The studies have been conducted despite a commitment on the ABS website that “name and address information will be destroyed once statistical processing has been completed“.

They used the names and addresses on census forms to link the census answers to department of immigration records, to school enrolment records and to the Australian Early Development Index.

The names were destroyed only after the records were linked.

Separately, and without asking for consent, the Bureau has been tracking five per cent of the population (more than one million people) through what it calls the Australian Census Longitudinal Dataset.

It has been using the names on the forms to create “linkage keys”, which enable it to follow respondents over time. Each census, the same name produces the same linkage key, enabling movements to be tracked. Once each key has been created, the name itself has been destroyed. It is impossible to reverse-engineer a key to derive the name.

“In 2016, I have decided to keep names and addresses for longer,” Mr Kalisch writes in today’s Sydney Morning Herald and Age. “This will enable the ABS to produce statistics on important economic and social areas such as educational outcomes, and measuring outcomes for migrants.”

Labelled by former Australian Statistician Bill McLennan “the most significant invasion of privacy ever perpetrated on Australians by the ABS,” the decision will formalise what was happening informally before Mr Kalisch joined the ABS in 2014. It will extend the period for research using names from 18 months to four years. All names collected will be deleted by August 2020 or when studies have been completed, whichever is the soonest.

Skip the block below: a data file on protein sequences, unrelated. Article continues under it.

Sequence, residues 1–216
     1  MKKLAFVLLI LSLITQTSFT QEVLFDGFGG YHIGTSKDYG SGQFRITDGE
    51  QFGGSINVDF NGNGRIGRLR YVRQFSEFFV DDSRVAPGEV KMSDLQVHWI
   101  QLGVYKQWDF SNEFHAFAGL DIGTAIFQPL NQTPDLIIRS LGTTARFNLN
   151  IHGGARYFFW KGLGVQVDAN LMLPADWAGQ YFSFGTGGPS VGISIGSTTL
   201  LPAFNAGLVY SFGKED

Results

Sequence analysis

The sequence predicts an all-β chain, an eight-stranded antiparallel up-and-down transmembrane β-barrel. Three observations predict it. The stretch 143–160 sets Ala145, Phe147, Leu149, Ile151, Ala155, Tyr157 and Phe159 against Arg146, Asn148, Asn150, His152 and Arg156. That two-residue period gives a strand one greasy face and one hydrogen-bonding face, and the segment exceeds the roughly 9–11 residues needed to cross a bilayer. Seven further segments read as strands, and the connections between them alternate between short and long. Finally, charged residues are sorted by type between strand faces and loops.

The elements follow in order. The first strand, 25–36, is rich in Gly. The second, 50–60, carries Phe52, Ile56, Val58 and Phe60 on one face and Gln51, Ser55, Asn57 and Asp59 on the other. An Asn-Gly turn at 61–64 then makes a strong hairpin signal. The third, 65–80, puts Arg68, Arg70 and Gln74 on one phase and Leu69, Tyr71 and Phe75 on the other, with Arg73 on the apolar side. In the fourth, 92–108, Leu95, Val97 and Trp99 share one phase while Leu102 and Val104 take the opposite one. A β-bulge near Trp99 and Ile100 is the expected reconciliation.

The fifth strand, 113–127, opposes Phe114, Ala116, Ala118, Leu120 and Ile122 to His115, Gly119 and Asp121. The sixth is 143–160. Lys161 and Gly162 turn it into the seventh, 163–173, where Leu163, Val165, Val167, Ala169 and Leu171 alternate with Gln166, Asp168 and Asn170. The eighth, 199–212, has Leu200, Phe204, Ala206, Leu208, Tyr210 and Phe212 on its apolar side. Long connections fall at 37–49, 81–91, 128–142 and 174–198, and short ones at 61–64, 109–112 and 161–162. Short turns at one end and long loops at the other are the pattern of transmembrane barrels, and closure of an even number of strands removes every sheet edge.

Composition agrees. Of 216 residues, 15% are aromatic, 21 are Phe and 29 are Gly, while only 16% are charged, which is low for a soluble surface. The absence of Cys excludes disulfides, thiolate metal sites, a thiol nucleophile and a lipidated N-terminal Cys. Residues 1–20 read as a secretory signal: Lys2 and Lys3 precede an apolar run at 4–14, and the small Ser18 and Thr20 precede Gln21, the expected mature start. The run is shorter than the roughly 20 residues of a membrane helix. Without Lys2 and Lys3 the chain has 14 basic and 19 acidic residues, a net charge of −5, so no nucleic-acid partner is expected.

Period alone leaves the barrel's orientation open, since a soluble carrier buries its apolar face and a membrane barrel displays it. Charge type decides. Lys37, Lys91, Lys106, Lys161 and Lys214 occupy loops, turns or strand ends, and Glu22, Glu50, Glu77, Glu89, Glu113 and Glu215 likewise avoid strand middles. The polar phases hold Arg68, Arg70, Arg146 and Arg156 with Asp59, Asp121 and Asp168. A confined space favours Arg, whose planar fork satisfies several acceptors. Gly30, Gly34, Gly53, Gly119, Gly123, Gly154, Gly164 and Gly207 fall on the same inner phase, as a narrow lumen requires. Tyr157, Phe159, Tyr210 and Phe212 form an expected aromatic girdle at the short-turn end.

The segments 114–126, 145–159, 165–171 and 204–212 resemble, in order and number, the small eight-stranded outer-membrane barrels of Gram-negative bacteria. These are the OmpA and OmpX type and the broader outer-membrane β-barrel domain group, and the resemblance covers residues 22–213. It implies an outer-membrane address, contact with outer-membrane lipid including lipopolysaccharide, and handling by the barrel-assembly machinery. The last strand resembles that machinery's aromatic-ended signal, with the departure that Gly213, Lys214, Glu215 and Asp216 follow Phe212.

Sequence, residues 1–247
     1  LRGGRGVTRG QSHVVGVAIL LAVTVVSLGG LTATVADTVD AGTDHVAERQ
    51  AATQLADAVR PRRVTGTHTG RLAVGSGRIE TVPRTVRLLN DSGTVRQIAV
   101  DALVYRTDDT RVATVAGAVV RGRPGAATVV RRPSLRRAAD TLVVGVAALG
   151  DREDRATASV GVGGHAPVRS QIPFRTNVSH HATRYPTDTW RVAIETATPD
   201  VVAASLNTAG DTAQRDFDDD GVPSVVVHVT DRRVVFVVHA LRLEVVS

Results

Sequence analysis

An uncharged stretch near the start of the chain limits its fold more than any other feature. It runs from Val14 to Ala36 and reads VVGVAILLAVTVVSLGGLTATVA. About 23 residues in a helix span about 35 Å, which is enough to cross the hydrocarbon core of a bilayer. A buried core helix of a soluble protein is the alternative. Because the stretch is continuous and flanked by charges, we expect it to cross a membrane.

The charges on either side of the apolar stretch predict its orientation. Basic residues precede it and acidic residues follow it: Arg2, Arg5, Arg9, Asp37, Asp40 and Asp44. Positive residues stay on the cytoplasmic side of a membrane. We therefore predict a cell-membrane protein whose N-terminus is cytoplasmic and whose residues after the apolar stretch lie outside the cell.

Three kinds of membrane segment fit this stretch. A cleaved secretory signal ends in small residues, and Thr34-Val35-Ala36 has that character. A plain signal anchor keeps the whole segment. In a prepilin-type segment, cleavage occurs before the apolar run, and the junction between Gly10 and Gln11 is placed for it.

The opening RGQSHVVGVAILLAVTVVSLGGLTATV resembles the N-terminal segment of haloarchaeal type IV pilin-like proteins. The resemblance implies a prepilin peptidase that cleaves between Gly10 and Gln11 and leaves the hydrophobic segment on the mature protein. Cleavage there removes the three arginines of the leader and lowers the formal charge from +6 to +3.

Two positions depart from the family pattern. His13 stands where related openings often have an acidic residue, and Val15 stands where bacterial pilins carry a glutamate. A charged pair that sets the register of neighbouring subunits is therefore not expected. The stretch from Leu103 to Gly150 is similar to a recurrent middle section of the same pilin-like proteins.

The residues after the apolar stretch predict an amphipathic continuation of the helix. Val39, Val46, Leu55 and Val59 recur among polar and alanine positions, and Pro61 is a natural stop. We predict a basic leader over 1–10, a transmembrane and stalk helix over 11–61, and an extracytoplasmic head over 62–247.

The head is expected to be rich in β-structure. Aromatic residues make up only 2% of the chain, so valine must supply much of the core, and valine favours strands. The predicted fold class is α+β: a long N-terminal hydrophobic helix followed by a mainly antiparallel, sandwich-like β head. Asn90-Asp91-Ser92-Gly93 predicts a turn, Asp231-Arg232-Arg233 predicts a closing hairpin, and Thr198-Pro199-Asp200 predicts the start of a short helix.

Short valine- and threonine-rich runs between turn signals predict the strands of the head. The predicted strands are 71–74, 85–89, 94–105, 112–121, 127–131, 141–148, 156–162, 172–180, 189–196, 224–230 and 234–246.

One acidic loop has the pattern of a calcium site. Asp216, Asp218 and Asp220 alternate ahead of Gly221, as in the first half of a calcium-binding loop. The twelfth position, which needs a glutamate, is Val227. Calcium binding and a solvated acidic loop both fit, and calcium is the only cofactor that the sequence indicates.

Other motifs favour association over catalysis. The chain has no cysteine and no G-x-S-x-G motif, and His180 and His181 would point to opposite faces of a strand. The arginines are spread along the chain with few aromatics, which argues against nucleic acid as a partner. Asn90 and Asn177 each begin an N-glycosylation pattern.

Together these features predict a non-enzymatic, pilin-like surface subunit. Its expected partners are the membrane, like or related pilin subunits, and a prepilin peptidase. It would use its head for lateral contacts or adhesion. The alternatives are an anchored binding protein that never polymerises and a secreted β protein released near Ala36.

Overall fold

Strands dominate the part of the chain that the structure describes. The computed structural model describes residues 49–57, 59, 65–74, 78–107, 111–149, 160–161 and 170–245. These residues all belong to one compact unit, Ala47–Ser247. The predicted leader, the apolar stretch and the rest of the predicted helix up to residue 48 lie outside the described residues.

What’s happening now is we are being more transparent about it.

Australian Statistician David Kalisch

The decision is a retreat on a announcement in December that names and addresses on census forms would be retained indefinitely.

“There are extremely robust safeguards in place to protect the privacy and confidentiality of the information collected in the census, including names and addresses,” Mr Kalisch writes in today’s Fairfax Media publications. “The ABS never has and never will release identifiable census data.”

Kat Lane, vice-chair of the Australian Privacy Foundation, said the real issue wasn’t the ABS security system. It was that there was no justification for tracking or personally identifying Australians.

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Henry Sapiecha

IBM to set up cyber centre in Canberra

Led by a former federal police assistant commissioner, the new centre is intended to bring together business and government to tackle security issues.

IBM-Logo-in-blue image www.intelagencies.com

IBM has announced that it will create a National Cyber Security Centre (NCSC) in Canberra, to be headed by Kevin Zuccato, a former Australian Federal Police assistant commissioner and head of the Australian High Tech Crime Centre.